A New Agenda for Higher Education: Shaping a Life of the Mind for Practice

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John Wiley & Sons, Apr 4, 2008 - Education - 242 pages
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A New Agenda for Higher Education

Historically, higher education has aimed to enhance the possibilities of life for its students. The liberal arts and sciences have sought to do this through cultivating in students a "life of the mind"—the intellectual dimensions of students' lives such as problem-solving capacities and critical thinking. On the other hand, the professional schools have focused on providing the means whereby students might "make something of themselves" by acquiring competence in specific skills valuable to others.

In A New Agenda for Higher Education, the authors endorse higher education's utility for enhancing the practical as well as intellectual dimensions of life by developing a third, different conception of educational purpose. Based on The Carnegie Foundation for the Advancement of Teaching seminar that brought together educators from six professional fields with faculty from the liberal arts and sciences, A New Agenda for Higher Education proposes an educational aim of "practical reason," focusing on the interdependence of liberal education and professional training.

The book includes case studies of instructors from a wide array of disciplines including those who educate their students for practical responsibility. The authors document the process by which they learned to collaborate with one another across fields and, in the end, produced a new discourse of practical reason. The book also offers faculty, administrators, and those interested in the promise of higher education valuable suggestions on how to put these insights to work in their own academic contexts. It promises to stir and support the development of practical wisdom among students of all fields who are preparing for a wide variety of careers and callings.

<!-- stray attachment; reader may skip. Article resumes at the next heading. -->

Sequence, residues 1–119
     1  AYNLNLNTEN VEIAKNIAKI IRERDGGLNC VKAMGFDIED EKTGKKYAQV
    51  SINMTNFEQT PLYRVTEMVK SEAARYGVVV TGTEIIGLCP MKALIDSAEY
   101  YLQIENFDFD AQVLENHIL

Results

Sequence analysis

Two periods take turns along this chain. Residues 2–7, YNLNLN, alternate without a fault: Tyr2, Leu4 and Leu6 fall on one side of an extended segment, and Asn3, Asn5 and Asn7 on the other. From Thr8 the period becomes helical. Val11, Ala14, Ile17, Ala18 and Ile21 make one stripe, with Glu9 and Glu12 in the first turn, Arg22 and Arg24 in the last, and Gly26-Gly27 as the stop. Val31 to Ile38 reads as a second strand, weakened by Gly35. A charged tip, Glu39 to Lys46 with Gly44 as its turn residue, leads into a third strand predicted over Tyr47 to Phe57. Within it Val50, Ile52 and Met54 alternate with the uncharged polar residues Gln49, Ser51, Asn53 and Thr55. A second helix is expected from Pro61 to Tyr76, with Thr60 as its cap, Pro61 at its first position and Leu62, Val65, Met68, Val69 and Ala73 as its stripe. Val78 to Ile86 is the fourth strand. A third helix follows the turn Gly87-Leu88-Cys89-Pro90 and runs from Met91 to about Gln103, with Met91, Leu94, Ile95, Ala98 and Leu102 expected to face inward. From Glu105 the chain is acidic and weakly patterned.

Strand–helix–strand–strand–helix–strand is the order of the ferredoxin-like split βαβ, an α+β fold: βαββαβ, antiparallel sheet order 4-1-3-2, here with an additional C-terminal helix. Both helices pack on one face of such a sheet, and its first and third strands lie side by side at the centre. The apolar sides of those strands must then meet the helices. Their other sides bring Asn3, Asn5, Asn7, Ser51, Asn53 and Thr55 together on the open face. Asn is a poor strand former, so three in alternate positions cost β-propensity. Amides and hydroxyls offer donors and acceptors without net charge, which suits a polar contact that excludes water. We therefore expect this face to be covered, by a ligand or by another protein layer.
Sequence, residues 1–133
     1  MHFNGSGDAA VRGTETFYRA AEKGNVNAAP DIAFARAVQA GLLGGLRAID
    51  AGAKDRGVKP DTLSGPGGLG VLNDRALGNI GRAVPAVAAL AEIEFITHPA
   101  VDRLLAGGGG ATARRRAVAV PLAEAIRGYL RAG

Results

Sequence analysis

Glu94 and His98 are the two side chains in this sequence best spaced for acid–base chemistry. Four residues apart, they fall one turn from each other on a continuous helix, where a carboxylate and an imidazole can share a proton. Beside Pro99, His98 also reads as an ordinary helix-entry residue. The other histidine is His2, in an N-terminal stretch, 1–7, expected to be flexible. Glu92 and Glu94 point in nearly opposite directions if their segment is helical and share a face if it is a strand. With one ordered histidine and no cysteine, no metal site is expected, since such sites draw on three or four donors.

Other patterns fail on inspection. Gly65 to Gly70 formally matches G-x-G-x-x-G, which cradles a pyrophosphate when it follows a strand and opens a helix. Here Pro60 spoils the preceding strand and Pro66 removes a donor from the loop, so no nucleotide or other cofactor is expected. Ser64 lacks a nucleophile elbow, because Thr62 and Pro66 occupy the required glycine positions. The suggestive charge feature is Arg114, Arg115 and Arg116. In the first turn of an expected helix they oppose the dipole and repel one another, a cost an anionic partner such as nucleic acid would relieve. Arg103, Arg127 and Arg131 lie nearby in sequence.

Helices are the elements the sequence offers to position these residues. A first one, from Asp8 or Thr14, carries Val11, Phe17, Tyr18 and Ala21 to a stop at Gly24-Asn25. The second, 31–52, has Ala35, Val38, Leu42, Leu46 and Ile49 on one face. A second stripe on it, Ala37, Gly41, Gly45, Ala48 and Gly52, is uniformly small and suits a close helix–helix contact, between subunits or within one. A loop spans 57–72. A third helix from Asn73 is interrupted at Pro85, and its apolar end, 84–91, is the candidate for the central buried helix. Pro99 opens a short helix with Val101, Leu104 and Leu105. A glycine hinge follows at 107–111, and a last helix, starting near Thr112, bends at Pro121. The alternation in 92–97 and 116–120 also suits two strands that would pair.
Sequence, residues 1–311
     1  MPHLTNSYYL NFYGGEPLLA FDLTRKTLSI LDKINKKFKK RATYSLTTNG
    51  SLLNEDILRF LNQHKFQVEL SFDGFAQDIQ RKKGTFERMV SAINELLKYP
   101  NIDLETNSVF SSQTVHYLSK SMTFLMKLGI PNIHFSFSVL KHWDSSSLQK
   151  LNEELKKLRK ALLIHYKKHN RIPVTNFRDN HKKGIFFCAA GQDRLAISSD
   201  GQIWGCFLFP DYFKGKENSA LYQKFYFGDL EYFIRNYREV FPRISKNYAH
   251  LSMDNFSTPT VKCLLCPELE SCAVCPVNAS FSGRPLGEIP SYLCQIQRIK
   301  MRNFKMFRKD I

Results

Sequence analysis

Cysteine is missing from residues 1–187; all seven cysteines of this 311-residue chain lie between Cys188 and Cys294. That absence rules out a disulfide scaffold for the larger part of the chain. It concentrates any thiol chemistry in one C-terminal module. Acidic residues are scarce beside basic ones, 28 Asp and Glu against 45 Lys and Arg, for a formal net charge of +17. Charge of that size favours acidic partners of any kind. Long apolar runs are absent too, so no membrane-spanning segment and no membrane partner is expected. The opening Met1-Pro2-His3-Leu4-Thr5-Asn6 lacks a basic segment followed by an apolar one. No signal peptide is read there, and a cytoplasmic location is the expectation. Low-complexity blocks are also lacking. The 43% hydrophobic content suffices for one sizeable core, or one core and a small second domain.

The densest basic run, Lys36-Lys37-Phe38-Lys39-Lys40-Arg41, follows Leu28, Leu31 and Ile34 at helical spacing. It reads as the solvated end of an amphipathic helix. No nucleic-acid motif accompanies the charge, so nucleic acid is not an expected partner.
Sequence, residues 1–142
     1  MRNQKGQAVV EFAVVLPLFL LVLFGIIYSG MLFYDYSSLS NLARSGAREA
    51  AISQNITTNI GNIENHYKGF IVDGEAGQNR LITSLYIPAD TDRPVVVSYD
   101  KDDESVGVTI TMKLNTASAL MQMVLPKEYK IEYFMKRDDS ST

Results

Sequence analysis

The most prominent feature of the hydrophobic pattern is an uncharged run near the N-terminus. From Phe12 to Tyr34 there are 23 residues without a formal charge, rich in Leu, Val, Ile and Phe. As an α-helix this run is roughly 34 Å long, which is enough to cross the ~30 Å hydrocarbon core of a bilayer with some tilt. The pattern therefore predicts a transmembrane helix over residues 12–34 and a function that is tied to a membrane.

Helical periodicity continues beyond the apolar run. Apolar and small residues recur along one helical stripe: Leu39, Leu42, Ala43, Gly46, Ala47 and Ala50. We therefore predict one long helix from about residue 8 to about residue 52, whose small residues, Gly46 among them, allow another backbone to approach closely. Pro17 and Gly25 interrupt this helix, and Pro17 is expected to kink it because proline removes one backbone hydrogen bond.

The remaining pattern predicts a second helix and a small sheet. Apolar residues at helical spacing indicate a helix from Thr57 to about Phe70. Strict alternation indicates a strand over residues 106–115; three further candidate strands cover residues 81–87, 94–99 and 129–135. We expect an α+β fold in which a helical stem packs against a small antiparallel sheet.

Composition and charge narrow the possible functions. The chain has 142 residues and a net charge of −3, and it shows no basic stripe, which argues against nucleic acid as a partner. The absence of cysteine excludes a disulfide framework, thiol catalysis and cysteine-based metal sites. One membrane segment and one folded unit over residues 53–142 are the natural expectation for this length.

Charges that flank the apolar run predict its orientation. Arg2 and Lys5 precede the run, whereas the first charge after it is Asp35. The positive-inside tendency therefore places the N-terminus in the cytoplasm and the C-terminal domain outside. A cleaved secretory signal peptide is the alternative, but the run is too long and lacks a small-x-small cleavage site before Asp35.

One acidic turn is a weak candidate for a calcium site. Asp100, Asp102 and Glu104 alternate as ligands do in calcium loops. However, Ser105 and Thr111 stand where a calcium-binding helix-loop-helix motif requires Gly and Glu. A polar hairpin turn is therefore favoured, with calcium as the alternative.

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Contents

Part One
25
Part Two
46
Taking Formative Action
127
Partner Syllabi
145
Seminar Assignments
215
References
229
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About the author (2008)

William M. Sullivan is codirector of the Carnegie Foundation's Preparation for the Professions Program. He is the author of Work and Integrity: The Crisis and Promise of Professionalism in America and coauthor of Educating Lawyers: Preparation for the Profession of Law and Habits of the Heart: Individualism and Commitment in American Life.

Matthew S. Rosin is author of Obsoleting Culture and was formerly a research scholar at The Carnegie Foundation for the Advancement of Teaching. He is currently a senior research associate at EdSource, an independent and impartial educational policy research agency that clarifies K–12 policy issues in California.

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